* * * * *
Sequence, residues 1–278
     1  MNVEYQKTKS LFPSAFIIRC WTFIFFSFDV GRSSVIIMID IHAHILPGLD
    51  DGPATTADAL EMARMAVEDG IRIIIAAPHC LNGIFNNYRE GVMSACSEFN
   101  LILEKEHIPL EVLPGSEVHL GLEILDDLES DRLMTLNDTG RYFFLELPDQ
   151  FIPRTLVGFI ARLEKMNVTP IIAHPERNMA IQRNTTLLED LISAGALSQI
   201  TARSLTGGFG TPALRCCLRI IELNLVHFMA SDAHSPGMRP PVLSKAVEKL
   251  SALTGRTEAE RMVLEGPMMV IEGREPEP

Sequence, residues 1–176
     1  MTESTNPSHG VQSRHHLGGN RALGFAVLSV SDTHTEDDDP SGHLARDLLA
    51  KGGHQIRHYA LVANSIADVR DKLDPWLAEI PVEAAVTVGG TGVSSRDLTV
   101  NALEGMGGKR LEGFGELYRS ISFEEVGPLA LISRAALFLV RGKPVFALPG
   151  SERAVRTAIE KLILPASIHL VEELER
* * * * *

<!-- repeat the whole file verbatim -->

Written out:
Sequence, residues 1–278
     1  MNVEYQKTKS LFPSAFIIRC WTFIFFSFDV GRSSVIIMID IHAHILPGLD
    51  DGPATTADAL EMARMAVEDG IRIIIAAPHC LNGIFNNYRE GVMSACSEFN
   101  LILEKEHIPL EVLPGSEVHL GLEILDDLES DRLMTLNDTG RYFFLELPDQ
   151  FIPRTLVGFI ARLEKMNVTP IIAHPERNMA IQRNTTLLED LISAGALSQI
   201  TARSLTGGFG TPALRCCLRI IELNLVHFMA SDAHSPGMRP PVLSKAVEKL
   251  SALTGRTEAE RMVLEGPMMV IEGREPEP

Sequence, residues 1–176
     1  MTESTNPSHG VQSRHHLGGN RALGFAVLSV SDTHTEDDDP SGHLARDLLA
    51  KGGHQIRHYA LVANSIADVR DKLDPWLAEI PVEAAVTVGG TGVSSRDLTV
   101  NALEGMGGKR LEGFGELYRS ISFEEVGPLA LISRAALFLV RGKPVFALPG
   151  SERAVRTAIE KLILPASIHL VEELER